diabetes in rats: Study showed a protective role of AO extract
against the diabetogenic action of STZ. (7)
• Antioxidant: Comparisons
between the Antioxidant Activities of the Extracts of Anacardium occidentale
and Piper betle: The methanolic extract of AO can be an alternative
source of polyphenolics with potent antioxidant activities. (8)
• Acute and Subchronic Toxicity Studies: Study of leaf hexane extract of A. occidentale in mice showed no toxicity on acute administration with doses less than 6 g/kg. At high doses, signs of toxicity were asthenia, anorexia, diarrhea, and syncope. Liver and kidney parameters were significantly abnormal with correlating histopathological changes. Study concludes toxic effects of AO hexane leaf extract occurred at higher doses than those use in Cameroon folk medicine.
• Antihyperglycemic / Renal Protective: Study showed the efficacy of AO hexane extract in reducing diabetes-induced functional and histological alterations in the kidneys. (9)
• Antitumor Activity: Cashew gum polysaccharide, combined with water soluble, branched b-galactose and other oligosaccharides and proteins exhibited an antitumor activity with a high inhibitory activity against an implanted sarcoma 180 solid tumor in mice. (10)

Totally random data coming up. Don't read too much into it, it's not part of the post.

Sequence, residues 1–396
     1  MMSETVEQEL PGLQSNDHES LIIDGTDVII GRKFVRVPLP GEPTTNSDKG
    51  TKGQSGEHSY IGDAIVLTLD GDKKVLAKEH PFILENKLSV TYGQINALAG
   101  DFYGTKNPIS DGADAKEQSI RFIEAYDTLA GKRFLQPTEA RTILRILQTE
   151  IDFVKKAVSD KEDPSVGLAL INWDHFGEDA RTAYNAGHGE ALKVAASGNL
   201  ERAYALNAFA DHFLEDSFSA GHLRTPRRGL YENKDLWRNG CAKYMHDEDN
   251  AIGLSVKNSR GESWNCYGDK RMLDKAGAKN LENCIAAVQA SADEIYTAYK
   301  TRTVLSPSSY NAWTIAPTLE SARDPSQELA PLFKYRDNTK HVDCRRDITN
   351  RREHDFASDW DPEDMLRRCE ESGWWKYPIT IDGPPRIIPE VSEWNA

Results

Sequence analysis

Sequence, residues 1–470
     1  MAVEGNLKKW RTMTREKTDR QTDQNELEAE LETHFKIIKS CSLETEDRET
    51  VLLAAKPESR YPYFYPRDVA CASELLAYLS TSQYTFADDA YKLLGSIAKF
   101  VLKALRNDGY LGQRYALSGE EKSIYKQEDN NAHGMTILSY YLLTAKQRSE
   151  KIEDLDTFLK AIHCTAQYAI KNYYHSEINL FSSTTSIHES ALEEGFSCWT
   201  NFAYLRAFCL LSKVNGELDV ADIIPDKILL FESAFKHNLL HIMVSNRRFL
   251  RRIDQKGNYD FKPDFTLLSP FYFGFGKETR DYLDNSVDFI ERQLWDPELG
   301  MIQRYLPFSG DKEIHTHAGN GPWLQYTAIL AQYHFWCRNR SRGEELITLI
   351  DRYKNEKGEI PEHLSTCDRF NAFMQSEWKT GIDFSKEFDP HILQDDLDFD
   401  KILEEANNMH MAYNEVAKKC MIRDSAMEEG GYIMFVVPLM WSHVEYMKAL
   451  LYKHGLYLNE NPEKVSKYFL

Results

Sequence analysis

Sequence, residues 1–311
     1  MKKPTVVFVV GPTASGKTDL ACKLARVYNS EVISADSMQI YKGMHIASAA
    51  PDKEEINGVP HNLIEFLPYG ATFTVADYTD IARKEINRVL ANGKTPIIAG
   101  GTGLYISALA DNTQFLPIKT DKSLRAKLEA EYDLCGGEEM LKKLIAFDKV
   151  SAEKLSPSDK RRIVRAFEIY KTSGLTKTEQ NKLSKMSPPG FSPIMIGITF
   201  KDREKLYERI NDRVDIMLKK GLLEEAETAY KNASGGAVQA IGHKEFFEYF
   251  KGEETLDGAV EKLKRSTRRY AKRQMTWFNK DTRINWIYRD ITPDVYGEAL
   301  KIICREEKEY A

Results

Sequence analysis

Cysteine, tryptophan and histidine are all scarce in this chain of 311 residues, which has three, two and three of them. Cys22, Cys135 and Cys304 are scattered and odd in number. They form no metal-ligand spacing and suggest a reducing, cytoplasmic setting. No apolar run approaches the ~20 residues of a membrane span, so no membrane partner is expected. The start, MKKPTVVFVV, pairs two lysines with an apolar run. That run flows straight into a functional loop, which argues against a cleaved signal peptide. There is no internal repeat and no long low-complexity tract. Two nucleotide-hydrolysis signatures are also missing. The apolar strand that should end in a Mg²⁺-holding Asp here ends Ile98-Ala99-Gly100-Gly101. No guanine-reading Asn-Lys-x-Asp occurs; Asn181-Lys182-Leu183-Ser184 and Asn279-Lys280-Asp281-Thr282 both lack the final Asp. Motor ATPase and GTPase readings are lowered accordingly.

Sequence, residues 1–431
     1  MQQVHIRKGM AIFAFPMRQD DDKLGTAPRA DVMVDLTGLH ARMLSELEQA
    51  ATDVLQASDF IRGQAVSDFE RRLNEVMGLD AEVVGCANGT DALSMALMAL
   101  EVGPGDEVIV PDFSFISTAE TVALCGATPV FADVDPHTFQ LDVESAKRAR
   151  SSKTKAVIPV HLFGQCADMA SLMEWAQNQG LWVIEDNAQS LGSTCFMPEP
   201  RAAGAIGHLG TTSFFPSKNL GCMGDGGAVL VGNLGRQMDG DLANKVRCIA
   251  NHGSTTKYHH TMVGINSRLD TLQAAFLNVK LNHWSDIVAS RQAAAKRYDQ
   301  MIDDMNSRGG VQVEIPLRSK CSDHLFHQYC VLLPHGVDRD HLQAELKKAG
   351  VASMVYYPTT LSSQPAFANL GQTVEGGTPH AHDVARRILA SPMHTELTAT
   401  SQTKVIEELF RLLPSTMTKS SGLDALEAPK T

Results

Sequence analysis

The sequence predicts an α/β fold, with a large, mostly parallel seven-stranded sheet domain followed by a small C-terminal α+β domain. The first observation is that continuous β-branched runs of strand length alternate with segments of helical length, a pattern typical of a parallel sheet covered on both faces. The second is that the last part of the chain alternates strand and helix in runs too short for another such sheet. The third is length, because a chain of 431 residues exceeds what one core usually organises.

• Antioxidative / Anti-Atherogenesis: Study suggested the aqueous extract of AO possessed antioxidative properties and attenuates the initial stage of atherogenesis in vitro possibly through inhibition of NF-kB activation. (12)
• Anti-Ophidian: Study evaluated the ability of A. occidentale bark extract to neutralize enzymatic and pharmacological effects induced by Vipera russelii venom. Results suggest it may be used as an alternative treatment to serum therapy and may also be a rich source of potential inhibitors of hydrolytic enzymes involved in several physiopathological diseases. (13)
• Gum as Gelling Agent: Study indicated the extracted mucilage may be a good source of a pharmaceutical adjuvant, specifically as a gelling agent. (14)
• Toxicity Screening / Hypocholesterolemic Effect:Study in hypercholesterolemic rabbits evaluated the toxicity properties and hypocholesterolemic effects. Aqueous extract was found to be non-toxic and possess cholesterol-lowering effects. (16)
• Anthelmintic: AC was evaluated for anthelmintic activity against earthworm Pheretima posthuma. Both alcohol and aqueous extracts of the whole plant exhibited significant anthelmintic activity at highest concentration of 500 mg/ml. Albendazole was the reference drug. (17)
• Aphrodisiac / Seed Oil: Seed oil yielded saponins, alkaloids, flavonoids, steroids, and terpenoids.